Assignment: Create 3 brief, related instructional videos. Include music, a title, a still, narration, and video in each.
[View the original blog post for feedback my classmates and instructor provided me on my videos.]
When I began this assignment, I wondered why on earth we needed to do three of these videos. Quality video creation takes much, much longer than you would think when you are viewing the complete version. Scripting, story boarding, recording, creating stills, editing, and putting together all of the elements — it all takes time. I took an video and audio creation/editing class 13 years ago so I am familiar with it, though I’ve not done it since and we used “old school” direct-to-VHS camcorders and editing equipment (not computer-based). I still might argue that creating two of these videos may be sufficient but I am convinced that one was not enough. Multiple videos allow you to learn from your attempts and immediately apply what you learn on the next one.
I decided to create my first video from start to finish before working on my second and third videos in any way, aside from choosing topics. I felt that this would help me discover and adapt to any challenges that might arise without those challenges impacting all of my videos. I am glad I made that decision because I discovered bigger issues than I anticipated using the iPhone’s built-in mic (so quiet, even when standing very near), filming in portrait mode on the iPhone, and the importance of pausing to allow sufficient space for edits. I was able to apply these learned lessons into the next two videos. Unfortunately, it also means that my first video stands out a bit from the series.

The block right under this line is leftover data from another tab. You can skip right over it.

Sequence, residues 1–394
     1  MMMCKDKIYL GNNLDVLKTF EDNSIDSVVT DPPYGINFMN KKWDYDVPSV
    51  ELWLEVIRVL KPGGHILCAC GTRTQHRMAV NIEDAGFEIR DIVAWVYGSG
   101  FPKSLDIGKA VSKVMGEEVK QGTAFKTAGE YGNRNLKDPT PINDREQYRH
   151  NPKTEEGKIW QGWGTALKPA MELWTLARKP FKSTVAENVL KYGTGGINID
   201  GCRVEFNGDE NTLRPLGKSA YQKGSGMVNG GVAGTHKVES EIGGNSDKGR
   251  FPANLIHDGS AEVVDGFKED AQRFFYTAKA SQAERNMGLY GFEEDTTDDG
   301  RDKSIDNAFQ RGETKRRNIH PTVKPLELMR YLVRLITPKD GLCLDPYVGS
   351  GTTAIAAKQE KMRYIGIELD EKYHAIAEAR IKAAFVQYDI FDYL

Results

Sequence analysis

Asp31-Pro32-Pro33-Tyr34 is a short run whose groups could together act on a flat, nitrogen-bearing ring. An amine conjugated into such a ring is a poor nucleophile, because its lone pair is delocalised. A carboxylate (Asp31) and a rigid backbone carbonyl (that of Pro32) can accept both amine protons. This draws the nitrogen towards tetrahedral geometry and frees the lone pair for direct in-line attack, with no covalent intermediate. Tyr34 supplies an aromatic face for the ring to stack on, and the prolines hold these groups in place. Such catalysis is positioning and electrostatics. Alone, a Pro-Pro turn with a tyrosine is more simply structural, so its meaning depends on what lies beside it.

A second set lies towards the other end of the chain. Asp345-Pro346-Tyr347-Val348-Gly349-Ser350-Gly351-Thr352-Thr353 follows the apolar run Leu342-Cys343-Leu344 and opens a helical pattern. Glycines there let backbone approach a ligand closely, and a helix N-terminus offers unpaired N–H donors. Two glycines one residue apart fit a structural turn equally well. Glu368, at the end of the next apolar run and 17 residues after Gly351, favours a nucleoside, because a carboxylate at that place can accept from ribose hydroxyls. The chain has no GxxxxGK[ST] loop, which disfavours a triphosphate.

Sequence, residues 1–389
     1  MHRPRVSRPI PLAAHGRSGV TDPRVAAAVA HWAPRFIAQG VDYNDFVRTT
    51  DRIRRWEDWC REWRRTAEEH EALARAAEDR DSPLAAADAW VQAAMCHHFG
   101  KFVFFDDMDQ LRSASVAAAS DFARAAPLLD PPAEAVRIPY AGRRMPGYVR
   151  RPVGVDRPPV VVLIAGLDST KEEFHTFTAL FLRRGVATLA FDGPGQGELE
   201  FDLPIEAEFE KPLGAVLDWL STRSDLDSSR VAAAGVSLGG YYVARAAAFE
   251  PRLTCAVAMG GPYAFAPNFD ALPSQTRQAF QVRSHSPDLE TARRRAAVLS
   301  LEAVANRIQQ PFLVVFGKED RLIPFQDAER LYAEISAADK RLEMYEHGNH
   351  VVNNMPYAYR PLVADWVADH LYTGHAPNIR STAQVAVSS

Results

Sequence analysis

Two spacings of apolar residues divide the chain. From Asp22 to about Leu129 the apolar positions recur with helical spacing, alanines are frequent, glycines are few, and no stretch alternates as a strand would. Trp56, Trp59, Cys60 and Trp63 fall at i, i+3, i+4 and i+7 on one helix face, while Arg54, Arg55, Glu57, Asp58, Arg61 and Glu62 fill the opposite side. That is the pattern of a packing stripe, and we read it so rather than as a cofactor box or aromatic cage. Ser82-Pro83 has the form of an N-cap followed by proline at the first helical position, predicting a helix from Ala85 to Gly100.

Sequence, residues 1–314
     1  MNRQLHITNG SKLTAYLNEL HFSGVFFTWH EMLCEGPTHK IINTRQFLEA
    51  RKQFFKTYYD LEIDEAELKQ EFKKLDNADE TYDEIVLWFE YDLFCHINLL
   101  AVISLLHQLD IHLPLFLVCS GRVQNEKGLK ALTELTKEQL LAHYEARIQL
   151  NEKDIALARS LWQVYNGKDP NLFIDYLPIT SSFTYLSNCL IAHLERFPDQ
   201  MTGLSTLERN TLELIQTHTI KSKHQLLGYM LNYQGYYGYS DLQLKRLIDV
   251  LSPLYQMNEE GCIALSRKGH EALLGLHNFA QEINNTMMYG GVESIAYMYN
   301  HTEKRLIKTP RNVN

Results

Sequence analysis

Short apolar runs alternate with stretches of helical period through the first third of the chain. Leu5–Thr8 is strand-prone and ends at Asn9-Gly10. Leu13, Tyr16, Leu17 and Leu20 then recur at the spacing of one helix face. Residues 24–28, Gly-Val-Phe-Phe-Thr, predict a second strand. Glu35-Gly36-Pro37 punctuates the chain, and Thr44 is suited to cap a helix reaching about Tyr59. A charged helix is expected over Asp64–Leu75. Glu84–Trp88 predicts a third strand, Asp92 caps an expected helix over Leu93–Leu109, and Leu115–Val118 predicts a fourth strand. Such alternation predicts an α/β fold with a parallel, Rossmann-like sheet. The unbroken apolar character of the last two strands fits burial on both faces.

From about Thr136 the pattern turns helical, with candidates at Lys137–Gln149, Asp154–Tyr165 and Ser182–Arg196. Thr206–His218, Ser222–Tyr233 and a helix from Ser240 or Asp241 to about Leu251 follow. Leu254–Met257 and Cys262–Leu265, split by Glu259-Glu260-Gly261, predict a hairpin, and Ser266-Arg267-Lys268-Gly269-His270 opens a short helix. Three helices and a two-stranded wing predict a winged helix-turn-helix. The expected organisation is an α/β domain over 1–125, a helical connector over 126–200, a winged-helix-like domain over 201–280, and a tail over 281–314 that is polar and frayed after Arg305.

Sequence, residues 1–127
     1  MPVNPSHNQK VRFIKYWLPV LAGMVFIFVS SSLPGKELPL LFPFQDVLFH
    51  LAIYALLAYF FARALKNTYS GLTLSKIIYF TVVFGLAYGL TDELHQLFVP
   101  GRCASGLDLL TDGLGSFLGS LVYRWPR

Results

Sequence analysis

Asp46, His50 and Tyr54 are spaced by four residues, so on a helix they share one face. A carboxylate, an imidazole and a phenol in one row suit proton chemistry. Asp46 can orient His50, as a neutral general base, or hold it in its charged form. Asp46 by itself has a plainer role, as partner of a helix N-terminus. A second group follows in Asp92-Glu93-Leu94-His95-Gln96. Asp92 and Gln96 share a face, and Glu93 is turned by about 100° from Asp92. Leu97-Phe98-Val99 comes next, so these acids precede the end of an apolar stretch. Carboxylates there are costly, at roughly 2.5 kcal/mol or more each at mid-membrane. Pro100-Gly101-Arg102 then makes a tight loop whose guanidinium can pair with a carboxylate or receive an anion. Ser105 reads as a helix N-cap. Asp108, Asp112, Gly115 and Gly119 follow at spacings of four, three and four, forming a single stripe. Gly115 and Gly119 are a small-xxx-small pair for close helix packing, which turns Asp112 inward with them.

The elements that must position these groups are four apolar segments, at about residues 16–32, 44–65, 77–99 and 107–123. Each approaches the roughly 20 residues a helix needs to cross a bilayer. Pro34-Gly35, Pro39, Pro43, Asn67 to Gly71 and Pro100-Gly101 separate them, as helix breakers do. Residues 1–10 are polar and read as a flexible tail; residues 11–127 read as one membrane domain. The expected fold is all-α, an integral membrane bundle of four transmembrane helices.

I elected to create a series of training videos that we will actually use as a part of our training for new clerks at the UAA Learning Resources Center. I wanted to create videos that would have immediate and concrete application rather than creating something just to fulfill the assignment. I chose to use my iPhone for this project because:
- It’s a tool I always have on me and
- I wanted to explore the potential use of commonly owned tools (like smartphones and apps) for students to complete video assignments/projects in my future classes.
I used the iPhone’s default camera/video tool to record the video and take the photographs used. I edited using Cute Cut, an app that’s free to try but $5.99 to export a video, remove the watermark, and remove a short length limit. I looked into a few video editing options but really liked that I could jump right in to the app to try it out with no account and a relatively small learning curve. The system works very much like screencast editing software I’ve worked with (such as Camtasia). You layer elements in different tracks to create the end product. The app allows you to quickly and easily add 6 different track types: video, image, voice, music, text, and free draw (sort of like a mini version of Paint). I used Microsoft Word to create the introduction and a few other text-based slides.
I looked into a number of options for video hosting but ultimately chose to go with the tried-and-true — YouTube. It’s free, it would let me upload directly from my iPhone without issue, and I have other videos hosted there. I signed up for and tried Vimeo, GorillaVid, Veoh, and Flickr as well. All failed to upload directly from the iPhone despite a fast and strong WiFi connection. My biggest complaint with YouTube was it’s serious degradation of my original video quality. However, given the struggles I had with other services combined with my original reasoning for choosing to work with my iPhone, the ubiquitous YouTube ultimately seemed the right choice.
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